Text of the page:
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1947 Harley-Davidson Knucklehead EL Sidecar Rig (Frank Webb donation)

1947-Harley-Davidson-KnuckleheadEL-Sidecare-Rig_3

Except for their limited production racing machines, at the beginning, Harley-Davidson built only inlet-over-exhaust and then side-valve powered motorcycles for a little over twenty years. They first experimented with overhead valve engines in smaller single-cylinder bikes like the BA; this 350cc single was popular in export markets. But in 1936 dealers and customers welcomed their first big twin overhead valve bike. Considered more efficient and durable, the 61 cubic inch EL and later 74 cubic inch FL had remarkable styling; to this day the Pre-War ELs and FLs are widely appreciated.

How did the new big twin work? By comparison, most records show a 1917 J model produced about 16HP, a JD about 24HP, the JDH about 29HP, the VL about 30HP. But the first EL was up to 40 horsepower. Of course, in that time the bike’s weight went from about 350 pounds to 565 for that 1936 EL, or Knucklehead as they became known decades later. Still, American riders craved the torque and the highway-ready massiveness of this machine, great for two-up riding. In general, today’s big twin Harley-Davidsons have quite a bit in common with the original EL, and changes were gradual.

Frank Webb was a man who was taken by these first OHV Harleys, but waited until 1948 to buy a 1947, the year after the Knucklehead went out of production. (In 1948 the ELs and FLs got new heads with an enclosed valve train, bikes we now call Panheads.) Some time later, Frank located a sidecar for his EL and still later using its original parts restored the whole rig to its original bright red.

Though Frank is a resident of Southern California, one day he visited the National Motorcycle Museum way out in Iowa. Already about 92 years of age, Frank got a chance to sit down and talk with the late John Parham about the Museum and his Knucklehead. Everyone wonders what will happen to their cherished motorcycle when they leave the face of the earth. Frank came away convinced the Museum would be a good place for his 1947 Knucklehead sidecar rig and set the donation process in motion. Some of Frank’s original riding gear came with the bike; at 95 years of age he decided to give up riding. The bike arrived Tuesday, February 13, 2018 and is here for you to enjoy along with half a dozen other Knucks from 1937 up to Frank’s 1947, and dozens of other Harleys, older and newer.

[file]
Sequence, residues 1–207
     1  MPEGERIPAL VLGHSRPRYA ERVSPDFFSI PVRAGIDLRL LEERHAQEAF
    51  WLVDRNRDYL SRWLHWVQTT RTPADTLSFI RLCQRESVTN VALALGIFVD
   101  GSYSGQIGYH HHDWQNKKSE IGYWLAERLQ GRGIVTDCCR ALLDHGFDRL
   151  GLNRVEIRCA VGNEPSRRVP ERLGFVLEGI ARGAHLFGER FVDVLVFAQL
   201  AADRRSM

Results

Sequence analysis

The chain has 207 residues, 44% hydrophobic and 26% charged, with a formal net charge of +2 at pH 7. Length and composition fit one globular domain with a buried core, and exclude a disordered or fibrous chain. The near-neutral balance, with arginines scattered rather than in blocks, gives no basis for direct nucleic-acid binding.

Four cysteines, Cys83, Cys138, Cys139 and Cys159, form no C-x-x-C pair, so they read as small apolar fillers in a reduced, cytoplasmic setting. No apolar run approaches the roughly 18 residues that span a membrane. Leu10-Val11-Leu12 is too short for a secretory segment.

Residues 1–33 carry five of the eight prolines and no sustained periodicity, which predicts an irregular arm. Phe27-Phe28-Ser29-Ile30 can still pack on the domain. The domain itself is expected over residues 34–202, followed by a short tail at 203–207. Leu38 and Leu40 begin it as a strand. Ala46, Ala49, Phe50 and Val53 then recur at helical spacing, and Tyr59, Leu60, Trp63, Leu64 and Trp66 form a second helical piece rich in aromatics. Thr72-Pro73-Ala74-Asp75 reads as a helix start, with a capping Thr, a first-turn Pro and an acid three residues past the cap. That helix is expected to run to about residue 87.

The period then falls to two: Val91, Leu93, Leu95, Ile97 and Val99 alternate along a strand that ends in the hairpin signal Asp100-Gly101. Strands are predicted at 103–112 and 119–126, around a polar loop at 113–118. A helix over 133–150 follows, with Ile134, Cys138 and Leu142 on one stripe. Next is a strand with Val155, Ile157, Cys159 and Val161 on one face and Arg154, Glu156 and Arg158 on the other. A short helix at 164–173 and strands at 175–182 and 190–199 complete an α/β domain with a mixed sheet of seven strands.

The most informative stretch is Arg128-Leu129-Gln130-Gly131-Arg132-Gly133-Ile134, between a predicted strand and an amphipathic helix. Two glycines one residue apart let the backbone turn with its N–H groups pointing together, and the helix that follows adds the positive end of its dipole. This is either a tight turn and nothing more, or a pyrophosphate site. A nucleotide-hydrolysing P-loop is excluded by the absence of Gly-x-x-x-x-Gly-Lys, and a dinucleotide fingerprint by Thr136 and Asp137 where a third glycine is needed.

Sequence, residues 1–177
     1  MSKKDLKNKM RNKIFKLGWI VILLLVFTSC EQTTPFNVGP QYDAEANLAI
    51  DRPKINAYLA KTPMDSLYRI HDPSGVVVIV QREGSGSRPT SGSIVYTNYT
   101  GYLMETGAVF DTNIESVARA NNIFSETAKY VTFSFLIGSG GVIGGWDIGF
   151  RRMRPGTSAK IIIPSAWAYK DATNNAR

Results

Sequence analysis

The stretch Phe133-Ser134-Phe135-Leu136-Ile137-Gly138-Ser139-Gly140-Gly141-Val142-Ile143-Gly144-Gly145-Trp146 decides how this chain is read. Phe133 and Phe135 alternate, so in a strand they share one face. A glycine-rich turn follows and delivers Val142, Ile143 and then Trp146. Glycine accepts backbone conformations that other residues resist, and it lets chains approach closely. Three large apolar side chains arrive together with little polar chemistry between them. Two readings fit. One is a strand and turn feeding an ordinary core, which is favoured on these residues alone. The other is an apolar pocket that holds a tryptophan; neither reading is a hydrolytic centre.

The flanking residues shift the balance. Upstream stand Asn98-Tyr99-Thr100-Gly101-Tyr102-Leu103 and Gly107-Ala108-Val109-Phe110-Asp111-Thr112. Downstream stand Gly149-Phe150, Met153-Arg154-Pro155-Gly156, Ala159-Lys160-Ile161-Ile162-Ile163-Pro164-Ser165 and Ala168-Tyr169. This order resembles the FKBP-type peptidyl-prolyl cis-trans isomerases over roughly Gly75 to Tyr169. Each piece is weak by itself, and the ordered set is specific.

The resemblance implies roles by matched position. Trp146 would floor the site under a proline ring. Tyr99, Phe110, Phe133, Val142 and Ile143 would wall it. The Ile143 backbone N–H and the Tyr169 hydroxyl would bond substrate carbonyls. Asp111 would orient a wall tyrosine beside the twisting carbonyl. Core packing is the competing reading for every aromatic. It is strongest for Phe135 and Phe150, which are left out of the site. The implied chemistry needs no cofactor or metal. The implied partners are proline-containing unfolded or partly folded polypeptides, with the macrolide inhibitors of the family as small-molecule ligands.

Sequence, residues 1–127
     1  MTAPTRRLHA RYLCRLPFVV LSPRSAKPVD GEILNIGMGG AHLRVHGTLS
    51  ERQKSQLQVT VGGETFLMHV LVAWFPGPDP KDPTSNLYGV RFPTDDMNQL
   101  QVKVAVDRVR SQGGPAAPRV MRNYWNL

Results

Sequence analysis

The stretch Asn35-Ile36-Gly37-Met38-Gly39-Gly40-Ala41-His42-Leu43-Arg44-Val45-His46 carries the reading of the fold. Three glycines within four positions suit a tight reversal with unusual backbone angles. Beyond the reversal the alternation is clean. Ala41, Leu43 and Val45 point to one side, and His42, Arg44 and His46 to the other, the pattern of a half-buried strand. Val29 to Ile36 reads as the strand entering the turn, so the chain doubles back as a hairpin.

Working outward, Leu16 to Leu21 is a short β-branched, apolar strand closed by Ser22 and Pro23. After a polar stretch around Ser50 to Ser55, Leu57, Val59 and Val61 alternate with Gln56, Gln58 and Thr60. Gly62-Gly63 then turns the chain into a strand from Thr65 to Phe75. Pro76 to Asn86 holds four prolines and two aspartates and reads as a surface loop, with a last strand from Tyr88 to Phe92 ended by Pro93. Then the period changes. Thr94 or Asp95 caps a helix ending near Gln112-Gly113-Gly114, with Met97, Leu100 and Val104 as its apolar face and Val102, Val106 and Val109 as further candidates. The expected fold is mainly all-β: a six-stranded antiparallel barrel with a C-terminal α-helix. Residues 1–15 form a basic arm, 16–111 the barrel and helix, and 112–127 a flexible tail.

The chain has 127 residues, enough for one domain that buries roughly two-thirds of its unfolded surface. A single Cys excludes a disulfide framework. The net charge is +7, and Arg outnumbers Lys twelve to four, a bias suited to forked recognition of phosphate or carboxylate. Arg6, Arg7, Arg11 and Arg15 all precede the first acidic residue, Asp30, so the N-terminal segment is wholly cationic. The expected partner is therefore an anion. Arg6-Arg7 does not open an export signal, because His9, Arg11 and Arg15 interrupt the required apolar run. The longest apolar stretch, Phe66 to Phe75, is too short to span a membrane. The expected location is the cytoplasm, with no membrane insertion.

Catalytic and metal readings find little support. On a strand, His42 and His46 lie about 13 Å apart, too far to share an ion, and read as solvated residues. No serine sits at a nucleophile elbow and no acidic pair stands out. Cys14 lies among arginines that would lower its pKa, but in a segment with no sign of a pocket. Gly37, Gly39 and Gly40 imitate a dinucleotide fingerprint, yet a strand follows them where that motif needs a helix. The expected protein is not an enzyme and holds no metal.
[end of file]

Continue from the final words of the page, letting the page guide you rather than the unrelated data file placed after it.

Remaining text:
Specifications:

  • Engine: 45 Degree V-Twin
  • Type: Overhead Valve, Air-Cooled
  • Displacement: 61 Cubic Inches/ 988cc’s
  • Bore & Stroke: 3.31″ x 3.50″
  • Compression Ratio: 7: 1
  • Horsepower: 40HP
  • Carburetion: 1.25″ Linkert
  • Primary: Chain
  • Transmission: 4-Speed, Hand Shift/Foot Clutch
  • Final Drive: Chain
  • Brakes: Drum, Front & Rear
  • Electrics: 6 Volt Battery, Coil & Points
  • Frame: Steel /Double Down Tubes
  • Fork: Springer/Oval Tubing
  • Rear: Rigid, Sprung Seat
  • Wheels/Tires: 5.00″ x 16″
  • Wheelbase: 59.5 Inches
  • Weight: 565 Pounds
  • Top Speed: 95mph
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5 comments

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  1. Keith Starcher

    Beautiful. My dream ride. Had a ’38 Knuck back in the late 70′s. Needed cash while starting a family, sold it for $1300. Been kicking myself ever since.

  2. Helmuth Heinz James Serjogins

    There is nothing like an old machine as it seems to have a soul of it’s own. I prefer the newer machine as I have a 1948 Panhead. A chopper it is but it still retains the old school class!

  3. Tim D

    Nice machine, I own a ’47 El thats been sitting in the basement for 15 years, time to get on it, thanks for the inspiration ..

  4. David W

    Very nice looking EL. I see the odometer is showing just over 21k. Is that the true mileage? My compliments to Mr Webb for the restoration and donation of this fine ride.

  5. Mark

    David W./ Mileage: I called Frank Webb and asked about the odometer reading. He says that’s accurate to the entire lifetime of the bike. In fact the tire which is now on the rear, formerly on the front, a Firestone, is original to the bike’s manufacture in 1947. “While apart, the bike never got any sunlight, so the tire stayed pretty good,” says Frank. Frank took the bike apart initially to re-ring it in 1956. Then he says he says he began devoting about all his time to his family, and the bike sat apart until 1994. He first painted it green, then went back to the original red. Since the final restoration and red repaint he’s ridden the bike just 300 miles, he says.

    Mark Mederski
    National Motorcycle Museum

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